ANALYSIS: Kim Jong-Il names a successor - Geopolitical Analysis & Forecasting

ANALYSIS: Kim Jong-Il names a successor

September 28, 2010

Zachary Fillingham

South Koreans watch a television news report showing the person believed to be Kim Jong-un, the youngest son of North Korean leader Kim Jong-il, at the Seoul railway station

Geopoliticalmonitor.com

A meeting of North Korea’s ruling party has all but confirmed what many analysts have known for a while: that 27 year-old Kim Jong-un is being groomed to succeed Kim Jong-il.

Kim Jong-un has been elevated to four-star general in a clear sign of his intended succession. With rumors swirling over Kim Jong-il’s health, succession has lingered as a critical question for the newly-nuclear ‘hermit state.’

If reports on Kim Jong-il’s failing health are true, Kim Jong-un will have a far shorter grace period to establish himself as the legitimate ruler of North Korea than his father before him.

The situation in North Korea is very tenuous. Food shortages and disastrous economic missteps have rendered the masses a powder keg waiting to ignite. If Kim Jong-un decides to continue his father’s policy of ‘juche’ or self-reliance, a power struggle could ensue which would plunge the country into chaos.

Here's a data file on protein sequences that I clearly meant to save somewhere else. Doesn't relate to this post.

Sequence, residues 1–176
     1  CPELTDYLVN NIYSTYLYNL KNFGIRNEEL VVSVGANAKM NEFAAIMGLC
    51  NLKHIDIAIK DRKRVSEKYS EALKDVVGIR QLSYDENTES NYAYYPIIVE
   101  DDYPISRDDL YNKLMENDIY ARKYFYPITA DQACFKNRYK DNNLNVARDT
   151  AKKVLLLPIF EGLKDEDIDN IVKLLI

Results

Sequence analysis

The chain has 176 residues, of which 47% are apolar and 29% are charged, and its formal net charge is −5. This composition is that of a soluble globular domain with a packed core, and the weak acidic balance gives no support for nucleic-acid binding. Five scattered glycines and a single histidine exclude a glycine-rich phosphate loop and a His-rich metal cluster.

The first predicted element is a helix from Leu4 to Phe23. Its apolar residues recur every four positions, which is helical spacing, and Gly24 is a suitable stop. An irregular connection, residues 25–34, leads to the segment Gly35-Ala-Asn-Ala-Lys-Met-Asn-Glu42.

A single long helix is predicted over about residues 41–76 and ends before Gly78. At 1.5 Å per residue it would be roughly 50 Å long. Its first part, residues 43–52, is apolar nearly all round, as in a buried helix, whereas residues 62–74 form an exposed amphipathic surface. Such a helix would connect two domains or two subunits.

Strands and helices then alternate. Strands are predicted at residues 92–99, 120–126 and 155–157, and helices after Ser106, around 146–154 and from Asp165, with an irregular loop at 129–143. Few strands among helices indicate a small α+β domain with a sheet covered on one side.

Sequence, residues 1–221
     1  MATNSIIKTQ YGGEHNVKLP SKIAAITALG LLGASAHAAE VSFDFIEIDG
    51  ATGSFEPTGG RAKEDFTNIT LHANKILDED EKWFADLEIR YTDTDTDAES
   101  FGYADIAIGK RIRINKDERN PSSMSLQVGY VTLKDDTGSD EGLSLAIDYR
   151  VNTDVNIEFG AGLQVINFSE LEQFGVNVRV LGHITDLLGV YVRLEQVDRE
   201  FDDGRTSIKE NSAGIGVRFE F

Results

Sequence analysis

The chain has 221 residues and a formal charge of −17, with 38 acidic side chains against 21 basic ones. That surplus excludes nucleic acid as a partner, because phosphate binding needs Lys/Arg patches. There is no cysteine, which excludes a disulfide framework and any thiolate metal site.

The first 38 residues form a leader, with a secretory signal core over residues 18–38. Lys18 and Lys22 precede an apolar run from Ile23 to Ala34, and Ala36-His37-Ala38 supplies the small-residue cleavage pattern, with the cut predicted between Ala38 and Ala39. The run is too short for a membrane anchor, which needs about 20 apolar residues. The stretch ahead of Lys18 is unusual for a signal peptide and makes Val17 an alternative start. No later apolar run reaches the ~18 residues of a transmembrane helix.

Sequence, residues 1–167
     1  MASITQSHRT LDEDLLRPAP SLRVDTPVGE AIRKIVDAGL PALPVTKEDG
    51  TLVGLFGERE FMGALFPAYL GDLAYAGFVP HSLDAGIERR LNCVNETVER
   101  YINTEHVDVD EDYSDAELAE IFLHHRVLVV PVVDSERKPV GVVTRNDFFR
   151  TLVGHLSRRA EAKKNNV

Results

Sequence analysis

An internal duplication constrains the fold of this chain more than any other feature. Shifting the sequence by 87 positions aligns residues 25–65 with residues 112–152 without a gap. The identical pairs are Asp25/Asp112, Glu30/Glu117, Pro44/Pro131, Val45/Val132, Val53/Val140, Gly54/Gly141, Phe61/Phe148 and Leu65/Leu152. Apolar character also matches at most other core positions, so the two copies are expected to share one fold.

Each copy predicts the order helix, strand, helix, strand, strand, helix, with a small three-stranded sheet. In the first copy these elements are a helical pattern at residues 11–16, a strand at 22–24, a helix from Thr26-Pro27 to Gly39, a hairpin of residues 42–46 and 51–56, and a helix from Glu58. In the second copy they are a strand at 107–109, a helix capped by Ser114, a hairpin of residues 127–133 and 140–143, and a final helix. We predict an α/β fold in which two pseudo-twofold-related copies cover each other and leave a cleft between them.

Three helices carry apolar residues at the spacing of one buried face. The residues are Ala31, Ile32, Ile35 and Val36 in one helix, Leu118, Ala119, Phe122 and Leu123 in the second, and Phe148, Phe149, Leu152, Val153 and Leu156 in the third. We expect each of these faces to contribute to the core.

Hazel Smith, a British academic who spent two years living in North Korea, points out that Kim Jong-un still needs to be promoted to the National Defense Commission if he is to solidify himself for succession. In her opinion, the succession is “not by any means a done deal” because the real power lies with the military.

According to Robert Collins, a retired advisor to the US-South Korean military command in Seoul, we should expect “more policy implementation failures and subsequent reversals that should set off huge warning bells at every intelligence agency.”

An article by Bradley K. Martin at the Global Post points out that the process of elevating Kim Jong-un could be another elaborate ruse by his father meant to confuse outside observers.

Zachary Fillingham is a contributor to Geopoliticalmonitor.com

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